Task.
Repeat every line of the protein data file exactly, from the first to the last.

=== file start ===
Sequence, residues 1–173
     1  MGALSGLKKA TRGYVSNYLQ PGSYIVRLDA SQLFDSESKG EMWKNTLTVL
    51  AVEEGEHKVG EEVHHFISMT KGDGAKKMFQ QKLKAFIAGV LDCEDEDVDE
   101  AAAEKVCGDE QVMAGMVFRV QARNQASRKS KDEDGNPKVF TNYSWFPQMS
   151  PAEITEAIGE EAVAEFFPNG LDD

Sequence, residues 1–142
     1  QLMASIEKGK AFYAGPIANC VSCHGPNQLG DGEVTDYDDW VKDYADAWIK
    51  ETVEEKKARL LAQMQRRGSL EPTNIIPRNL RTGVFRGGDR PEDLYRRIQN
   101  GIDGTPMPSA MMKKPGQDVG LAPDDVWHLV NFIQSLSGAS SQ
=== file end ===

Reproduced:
Sequence, residues 1–173
     1  MGALSGLKKA TRGYVSNYLQ PGSYIVRLDA SQLFDSESKG EMWKNTLTVL
    51  AVEEGEHKVG EEVHHFISMT KGDGAKKMFQ QKLKAFIAGV LDCEDEDVDE
   101  AAAEKVCGDE QVMAGMVFRV QARNQASRKS KDEDGNPKVF TNYSWFPQMS
   151  PAEITEAIGE EAVAEFFPNG LDD

Sequence, residues 1–142
     1  QLMASIEKGK AFYAGPIANC VSCHGPNQLG DGEVTDYDDW VKDYADAWIK
    51  ETVEEKKARL LAQMQRRGSL EPTNIIPRNL RTGVFRGGDR PEDLYRRIQN
   101  GIDGTPMPSA MMKKPGQDVG LAPDDVWHLV NFIQSLSGAS SQ